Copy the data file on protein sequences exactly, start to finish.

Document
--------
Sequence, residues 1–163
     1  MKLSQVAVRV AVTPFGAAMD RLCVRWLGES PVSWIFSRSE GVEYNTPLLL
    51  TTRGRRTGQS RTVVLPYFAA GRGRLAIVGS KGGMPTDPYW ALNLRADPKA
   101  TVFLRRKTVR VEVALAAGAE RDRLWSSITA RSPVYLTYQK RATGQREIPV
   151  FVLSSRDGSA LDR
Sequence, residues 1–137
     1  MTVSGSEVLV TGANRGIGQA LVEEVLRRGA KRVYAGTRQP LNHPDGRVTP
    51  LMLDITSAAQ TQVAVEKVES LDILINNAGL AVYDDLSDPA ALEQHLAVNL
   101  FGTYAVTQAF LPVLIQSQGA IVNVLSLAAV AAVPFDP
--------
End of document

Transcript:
Sequence, residues 1–163
     1  MKLSQVAVRV AVTPFGAAMD RLCVRWLGES PVSWIFSRSE GVEYNTPLLL
    51  TTRGRRTGQS RTVVLPYFAA GRGRLAIVGS KGGMPTDPYW ALNLRADPKA
   101  TVFLRRKTVR VEVALAAGAE RDRLWSSITA RSPVYLTYQK RATGQREIPV
   151  FVLSSRDGSA LDR
Sequence, residues 1–137
     1  MTVSGSEVLV TGANRGIGQA LVEEVLRRGA KRVYAGTRQP LNHPDGRVTP
    51  LMLDITSAAQ TQVAVEKVES LDILINNAGL AVYDDLSDPA ALEQHLAVNL
   101  FGTYAVTQAF LPVLIQSQGA IVNVLSLAAV AAVPFDP